Just to clarify why :set list won't show CR's as ^M without e ++ff=unix and why :set list has nothing to do with ^M's.

Internally when Vim reads a file into its buffer, it replaces all line-ending characters with its own representation (let's call it $'s). To determine what characters should be removed, it firstly detects in what format line endings are stored in a file. If there are only CRLF '\r\n' or only CR '\r' or only LF '\n' line-ending characters, then the 'fileformat' is set to dos, mac and unix respectively.

When list option is set, Vim displays $ character when the line break occured no matter what fileformat option has been detected. It uses its own internal representation of line-breaks and that's what it displays.

Now when you write buffer to the disc, Vim inserts line-ending characters according to what fileformat options has beed detected, essentialy converting all those internal $'s with appropriate characters. If the fileformat happened to be unix then it will simply write \n in place of its internal line-break.

The trick is to force Vim to read a dos encoded file as unix one. The net effect is that it will remove all \n's leaving \r's untouched and display them as ^M's in your buffer. Setting :set list will additionaly show internal line-endings as $. After all, you see ^M$ in place of dos encoded line-breaks.

Also notice that :set list has nothing to do with showing ^M's. You can check it by yourself (make sure you have disabled list option first) by inserting single CR using CTRL-V followed by Enter in insert mode. After writing buffer to disc and opening it again you will ses ^M despite list option being set to 0.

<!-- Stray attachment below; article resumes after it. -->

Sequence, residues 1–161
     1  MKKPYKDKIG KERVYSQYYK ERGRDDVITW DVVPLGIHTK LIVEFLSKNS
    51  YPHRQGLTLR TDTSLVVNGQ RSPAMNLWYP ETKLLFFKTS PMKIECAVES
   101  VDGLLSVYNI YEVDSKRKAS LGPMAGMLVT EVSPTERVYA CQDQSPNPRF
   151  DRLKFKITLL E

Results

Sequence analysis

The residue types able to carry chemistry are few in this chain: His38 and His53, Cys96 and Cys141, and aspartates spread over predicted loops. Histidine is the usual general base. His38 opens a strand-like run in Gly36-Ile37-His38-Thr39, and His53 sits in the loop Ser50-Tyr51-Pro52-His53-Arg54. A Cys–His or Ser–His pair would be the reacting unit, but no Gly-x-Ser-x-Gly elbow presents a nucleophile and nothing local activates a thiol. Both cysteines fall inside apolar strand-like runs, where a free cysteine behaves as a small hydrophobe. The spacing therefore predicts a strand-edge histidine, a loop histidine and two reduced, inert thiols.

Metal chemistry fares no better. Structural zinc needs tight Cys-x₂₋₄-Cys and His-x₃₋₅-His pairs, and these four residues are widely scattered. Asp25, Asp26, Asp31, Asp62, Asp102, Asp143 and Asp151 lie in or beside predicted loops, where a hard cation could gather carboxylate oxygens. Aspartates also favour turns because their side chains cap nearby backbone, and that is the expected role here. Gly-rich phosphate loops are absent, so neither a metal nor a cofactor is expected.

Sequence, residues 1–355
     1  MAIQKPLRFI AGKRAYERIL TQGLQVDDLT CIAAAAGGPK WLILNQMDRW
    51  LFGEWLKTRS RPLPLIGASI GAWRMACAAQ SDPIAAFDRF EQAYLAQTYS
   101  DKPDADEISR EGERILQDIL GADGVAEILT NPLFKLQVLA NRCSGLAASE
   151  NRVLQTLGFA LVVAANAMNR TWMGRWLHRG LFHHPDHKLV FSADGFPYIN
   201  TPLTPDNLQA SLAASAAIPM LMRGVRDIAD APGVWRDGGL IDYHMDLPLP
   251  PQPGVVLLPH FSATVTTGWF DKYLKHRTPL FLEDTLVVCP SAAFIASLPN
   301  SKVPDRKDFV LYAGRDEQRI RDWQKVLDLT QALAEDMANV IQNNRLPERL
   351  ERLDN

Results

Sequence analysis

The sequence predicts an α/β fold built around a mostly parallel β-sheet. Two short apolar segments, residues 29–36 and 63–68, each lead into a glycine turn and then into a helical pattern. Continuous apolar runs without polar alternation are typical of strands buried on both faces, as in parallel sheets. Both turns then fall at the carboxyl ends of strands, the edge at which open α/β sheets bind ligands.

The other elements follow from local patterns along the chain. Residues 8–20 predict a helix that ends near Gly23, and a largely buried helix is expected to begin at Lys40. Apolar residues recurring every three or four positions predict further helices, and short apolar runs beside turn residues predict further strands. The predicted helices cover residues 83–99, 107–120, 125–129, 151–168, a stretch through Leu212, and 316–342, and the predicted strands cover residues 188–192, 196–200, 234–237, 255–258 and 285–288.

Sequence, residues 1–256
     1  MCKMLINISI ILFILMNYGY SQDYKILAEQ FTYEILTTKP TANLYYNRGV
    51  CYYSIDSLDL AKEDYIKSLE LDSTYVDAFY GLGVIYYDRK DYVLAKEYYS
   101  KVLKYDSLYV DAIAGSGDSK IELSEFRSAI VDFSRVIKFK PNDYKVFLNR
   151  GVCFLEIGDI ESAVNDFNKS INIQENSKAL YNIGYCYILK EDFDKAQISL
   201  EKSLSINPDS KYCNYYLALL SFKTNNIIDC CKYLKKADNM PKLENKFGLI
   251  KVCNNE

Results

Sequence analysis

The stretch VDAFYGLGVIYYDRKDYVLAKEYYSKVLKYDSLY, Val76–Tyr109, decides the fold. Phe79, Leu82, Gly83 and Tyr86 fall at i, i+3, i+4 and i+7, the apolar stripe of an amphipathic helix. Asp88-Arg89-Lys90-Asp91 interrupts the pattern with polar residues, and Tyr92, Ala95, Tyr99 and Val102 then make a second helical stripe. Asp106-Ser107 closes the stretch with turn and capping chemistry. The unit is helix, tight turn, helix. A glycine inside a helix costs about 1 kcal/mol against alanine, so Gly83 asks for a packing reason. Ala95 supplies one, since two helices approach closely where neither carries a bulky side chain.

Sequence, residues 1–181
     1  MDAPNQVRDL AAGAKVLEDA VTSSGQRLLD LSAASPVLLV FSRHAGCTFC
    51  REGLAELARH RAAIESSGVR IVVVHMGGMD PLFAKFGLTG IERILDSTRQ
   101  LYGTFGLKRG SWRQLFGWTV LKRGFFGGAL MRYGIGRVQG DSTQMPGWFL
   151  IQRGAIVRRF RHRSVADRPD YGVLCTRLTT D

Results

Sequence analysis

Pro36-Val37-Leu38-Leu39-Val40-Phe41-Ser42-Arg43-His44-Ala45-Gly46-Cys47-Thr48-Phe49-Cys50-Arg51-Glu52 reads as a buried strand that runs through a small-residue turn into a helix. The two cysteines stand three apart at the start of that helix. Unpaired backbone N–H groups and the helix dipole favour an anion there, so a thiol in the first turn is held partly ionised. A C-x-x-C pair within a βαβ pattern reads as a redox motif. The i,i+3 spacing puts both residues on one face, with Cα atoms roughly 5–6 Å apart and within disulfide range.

You can find more about file formats on http://vim.wikia.com/wiki/File_format or by typing:help 'fileformat' in Vim.


Try the following command.

:set binary

In VIM, this should do the same thing as using the "-b" command line option. If you put this in your startup (i.e. .vimrc) file, it will always be in place for you.

On many *nix systems, there is a "dos2unix" or "unix2dos" command that can process the file and correct any suspected line ending issues. If there is no problem with the line endings, the files will not be changed.

  • Unfortunately in my system (Ubuntu 16.04) set binary is not the same as vim -b filename.py. Any idea why? I did check the help and it does seem that what you say is generally correct. How do I figure out why this is so? – alpha_989 May 25 '18 at 20:52
  • :e ++ff=unix does show the ^M correctly and doesn't show it when I use unix type files.. So I guess the problem is solved for now... – alpha_989 May 25 '18 at 20:54

I suggest you to edit your .vimrc file, for running a list of commands. Edit your .vimrc file, like this :

cat >> ~/.vimrc <<EOF
set ffs=unix
set encoding=utf-8
set fileencoding=utf-8
set listchars=eol:¶
set list

When you're executing vim, the commands into .vimrc are executed, and you can see this example :

My line with CRLF eol here ^M¶